The material list you see in our organic substrates have been chosen to accommodate both the nutritional concern as well as the physical. How the materials work together nutritionally echos the symbiotic relationship we find in nature. This is what true organics is all about. Organics is much more than simply  not applying chemicals in your growing scheme. More than that, organics in nature reflect the symbiosis of soil, plant and microorganisms for the healthy state of all three. So symbiotic organics is what we will be talking about here at OST.

The materials we used in Creating a Natural Symbiosis

  1. Inert Mediums of palm leaf fibers, peat moss and coco fiber
  2. BioChar of Macadamia nuts and rice hulls
  3. Organic Compost of palm seeds, ground bone meal, shrimp heads, chicken manure, rice hearts, molasses and Beneficial Indigenous Microorganisms (BIM) as well a: Levaduras: Saccharomycescerevisieaevar. ellipsoides y Rhodotorula glutins, Bacterias lácticas: Lactobacillus lactis y Streptococcus lactis, Cellulose decomposing microbs: Cytophaga spp; Trichoderma reesei

The above 3 categories of materials we use in all our potting mixes for all sizes of pots. In general terms, the difference between a potting mixes for small, medium and large pots, is the size of the inert particles and percentage of each component.

Inert Medium

The inert medium we use is a mix. First there is an abundant amount of palm leaf fibers residual from the fresh palm leaves added as a nitrogen enhancer in the composting. Peat moss and coco fiber are also added. All three are considered inert but can effect indirectly the nutritional uptake of plants. I am talking about not only their physical structure, but their pH as well. Peat moss carries a low acid  5pH while coco fiber is neutral with a 7 pH. The ideal potting mix will be close to a 7 pH. Therefore when considering how much peat moss or coco fiber for our inert component, we need to consider what pH is in the other components. Both peat moss and coco fiber have similar physical properties.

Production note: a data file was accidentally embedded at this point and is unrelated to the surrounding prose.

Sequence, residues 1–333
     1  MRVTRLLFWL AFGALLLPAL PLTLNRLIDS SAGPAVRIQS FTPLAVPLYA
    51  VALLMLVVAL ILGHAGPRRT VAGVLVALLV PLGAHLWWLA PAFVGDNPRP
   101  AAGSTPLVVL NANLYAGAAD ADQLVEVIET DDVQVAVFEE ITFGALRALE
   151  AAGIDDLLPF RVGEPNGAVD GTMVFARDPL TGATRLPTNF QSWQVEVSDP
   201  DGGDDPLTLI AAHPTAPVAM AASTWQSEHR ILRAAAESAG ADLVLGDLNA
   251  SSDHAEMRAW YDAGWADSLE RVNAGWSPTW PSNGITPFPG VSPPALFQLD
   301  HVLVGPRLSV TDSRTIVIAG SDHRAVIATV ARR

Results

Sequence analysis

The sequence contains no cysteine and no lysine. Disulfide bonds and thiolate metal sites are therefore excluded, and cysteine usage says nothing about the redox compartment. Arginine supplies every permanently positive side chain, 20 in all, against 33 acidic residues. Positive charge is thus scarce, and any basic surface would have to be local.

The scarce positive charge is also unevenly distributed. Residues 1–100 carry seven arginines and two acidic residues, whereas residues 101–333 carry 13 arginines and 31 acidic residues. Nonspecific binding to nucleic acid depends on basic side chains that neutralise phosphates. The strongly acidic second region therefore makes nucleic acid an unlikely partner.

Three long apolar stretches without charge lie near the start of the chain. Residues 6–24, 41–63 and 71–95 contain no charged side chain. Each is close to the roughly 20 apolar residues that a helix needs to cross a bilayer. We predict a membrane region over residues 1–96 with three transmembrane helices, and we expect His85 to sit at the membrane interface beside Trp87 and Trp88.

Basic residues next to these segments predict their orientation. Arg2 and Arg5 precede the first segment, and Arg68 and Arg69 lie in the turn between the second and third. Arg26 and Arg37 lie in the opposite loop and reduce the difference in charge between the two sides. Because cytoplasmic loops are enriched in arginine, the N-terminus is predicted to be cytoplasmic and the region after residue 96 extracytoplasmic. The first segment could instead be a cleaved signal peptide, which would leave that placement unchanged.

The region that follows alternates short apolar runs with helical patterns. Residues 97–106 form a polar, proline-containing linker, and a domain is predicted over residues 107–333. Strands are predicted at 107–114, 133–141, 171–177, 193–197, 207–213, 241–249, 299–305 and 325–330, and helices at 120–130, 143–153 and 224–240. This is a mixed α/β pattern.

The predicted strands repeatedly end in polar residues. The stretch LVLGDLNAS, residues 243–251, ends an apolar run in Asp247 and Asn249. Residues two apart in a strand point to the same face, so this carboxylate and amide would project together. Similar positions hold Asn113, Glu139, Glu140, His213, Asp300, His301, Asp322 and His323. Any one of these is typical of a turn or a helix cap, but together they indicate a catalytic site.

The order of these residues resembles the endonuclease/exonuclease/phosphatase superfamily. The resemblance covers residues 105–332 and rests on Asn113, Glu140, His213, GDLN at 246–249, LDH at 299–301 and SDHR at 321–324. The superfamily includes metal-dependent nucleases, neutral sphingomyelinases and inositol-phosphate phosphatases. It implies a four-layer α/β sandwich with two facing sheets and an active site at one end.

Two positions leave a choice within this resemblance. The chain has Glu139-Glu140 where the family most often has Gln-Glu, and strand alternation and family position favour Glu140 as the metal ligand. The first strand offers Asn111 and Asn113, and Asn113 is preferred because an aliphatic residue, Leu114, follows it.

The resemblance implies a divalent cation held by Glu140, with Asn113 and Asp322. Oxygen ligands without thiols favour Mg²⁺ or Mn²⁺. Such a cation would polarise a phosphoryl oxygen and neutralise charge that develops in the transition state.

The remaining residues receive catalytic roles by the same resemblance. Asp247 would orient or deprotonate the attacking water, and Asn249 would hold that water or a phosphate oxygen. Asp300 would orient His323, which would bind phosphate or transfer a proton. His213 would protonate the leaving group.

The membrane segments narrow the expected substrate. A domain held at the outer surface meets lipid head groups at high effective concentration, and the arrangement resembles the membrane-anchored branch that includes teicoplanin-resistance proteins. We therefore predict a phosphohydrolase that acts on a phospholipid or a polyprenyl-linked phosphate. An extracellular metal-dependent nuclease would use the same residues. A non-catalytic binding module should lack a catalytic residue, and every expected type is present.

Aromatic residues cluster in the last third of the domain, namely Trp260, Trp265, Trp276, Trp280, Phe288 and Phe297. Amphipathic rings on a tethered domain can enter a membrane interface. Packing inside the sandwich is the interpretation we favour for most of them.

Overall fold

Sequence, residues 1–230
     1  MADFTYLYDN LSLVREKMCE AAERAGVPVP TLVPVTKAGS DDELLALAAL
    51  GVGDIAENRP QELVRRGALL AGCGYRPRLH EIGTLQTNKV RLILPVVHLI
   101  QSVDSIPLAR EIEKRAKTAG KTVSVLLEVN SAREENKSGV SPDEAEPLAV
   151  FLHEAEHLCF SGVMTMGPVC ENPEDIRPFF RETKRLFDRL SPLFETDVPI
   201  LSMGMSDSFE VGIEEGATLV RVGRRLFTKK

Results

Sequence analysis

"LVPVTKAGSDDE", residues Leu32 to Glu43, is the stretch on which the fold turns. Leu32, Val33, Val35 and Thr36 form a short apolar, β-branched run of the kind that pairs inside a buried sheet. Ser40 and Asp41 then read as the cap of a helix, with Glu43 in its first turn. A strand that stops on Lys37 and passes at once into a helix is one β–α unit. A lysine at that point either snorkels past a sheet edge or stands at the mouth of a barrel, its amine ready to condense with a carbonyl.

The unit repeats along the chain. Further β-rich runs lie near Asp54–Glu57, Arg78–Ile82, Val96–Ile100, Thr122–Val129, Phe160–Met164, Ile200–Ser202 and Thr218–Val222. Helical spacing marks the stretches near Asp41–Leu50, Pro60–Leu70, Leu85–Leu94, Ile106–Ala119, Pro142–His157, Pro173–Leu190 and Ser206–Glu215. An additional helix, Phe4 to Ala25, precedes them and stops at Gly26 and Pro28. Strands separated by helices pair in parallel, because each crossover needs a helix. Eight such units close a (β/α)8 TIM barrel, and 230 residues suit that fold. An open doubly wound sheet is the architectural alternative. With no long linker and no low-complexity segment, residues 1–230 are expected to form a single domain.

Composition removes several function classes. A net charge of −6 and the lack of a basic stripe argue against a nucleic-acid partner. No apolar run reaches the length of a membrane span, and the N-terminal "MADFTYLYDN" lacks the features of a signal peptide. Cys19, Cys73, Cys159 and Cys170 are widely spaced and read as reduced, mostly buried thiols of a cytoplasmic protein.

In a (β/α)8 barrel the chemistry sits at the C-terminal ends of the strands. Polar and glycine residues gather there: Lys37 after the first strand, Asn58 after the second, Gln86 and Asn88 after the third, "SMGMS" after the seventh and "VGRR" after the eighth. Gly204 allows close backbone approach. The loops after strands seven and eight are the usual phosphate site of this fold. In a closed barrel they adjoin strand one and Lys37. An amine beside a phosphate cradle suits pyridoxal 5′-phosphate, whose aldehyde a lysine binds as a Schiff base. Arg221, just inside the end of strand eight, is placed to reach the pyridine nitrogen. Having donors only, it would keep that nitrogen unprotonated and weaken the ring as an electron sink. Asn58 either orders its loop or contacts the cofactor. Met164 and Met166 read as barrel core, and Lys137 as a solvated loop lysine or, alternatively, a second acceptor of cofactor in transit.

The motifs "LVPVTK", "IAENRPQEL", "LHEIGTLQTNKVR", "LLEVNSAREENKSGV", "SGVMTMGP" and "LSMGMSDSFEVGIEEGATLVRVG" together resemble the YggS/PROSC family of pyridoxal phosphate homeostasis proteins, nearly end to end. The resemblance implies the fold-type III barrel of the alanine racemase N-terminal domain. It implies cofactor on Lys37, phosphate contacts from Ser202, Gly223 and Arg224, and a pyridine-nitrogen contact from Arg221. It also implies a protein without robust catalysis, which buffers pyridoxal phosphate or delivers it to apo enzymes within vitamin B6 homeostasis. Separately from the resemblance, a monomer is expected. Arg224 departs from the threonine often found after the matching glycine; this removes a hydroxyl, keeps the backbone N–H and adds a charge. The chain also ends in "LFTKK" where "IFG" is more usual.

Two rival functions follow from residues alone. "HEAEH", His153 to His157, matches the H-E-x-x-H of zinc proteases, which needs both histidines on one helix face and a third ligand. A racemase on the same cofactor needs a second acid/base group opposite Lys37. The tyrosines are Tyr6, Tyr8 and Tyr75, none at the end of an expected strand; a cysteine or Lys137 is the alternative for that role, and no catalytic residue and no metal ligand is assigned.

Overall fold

Peat moss’s low pH of 5, together with the Biochars low pH, if added in the right combinations, offsets and balances the very high alkaline pH of the organic compost ingredients. In the final analysis, this places the substrate mix at a mild pH of between 6.8 and 7.1.


Our Biochar is designed and made with pyrolysis at low temp and low oxygen levels, over the coarse of a two day resident time. This ensures large pores to accommodate fungal and beneficial bacterial microorganisms, providing a Refugio from bacterial and fungal grazers. At low temperature production many nutrients remain in the biochar pores to not only feed the microorganisms but the plants as well.

Organic Compost

OST’s organic compost is listed below. It was created using 8 different ingredients. All were put together for the feeding of a specially created community of over 10 different microorganisms. Some of these mini-workers are indigenous to Costa Rica, the country of residence for Organic Soil Technology’s endeavors.. These microorganisms are various aerobic bacterias including the very important Lactobacillu and a collection of mycorrhizal and trichoderma fungi.

  1. Bone meal
  2. Chicken manure
  3. Shrimp Heads
  4. Palm seeds & leaves
  5. Molasses
  6. Semolina which is the inner grain of fresh rice
  7. BioChar of macadamia shells and rice hulls
  8. Beneficial Indigenous Microorganisms (BIM) as well a: Levaduras: Saccharomycescerevisieaevar. ellipsoides y Rhodotorula glutins, Bacterias lácticas: Lactobacillus lactis y Streptococcus lactis, Cellulose decomposing microbs: Cytophaga spp; Trichoderma reesei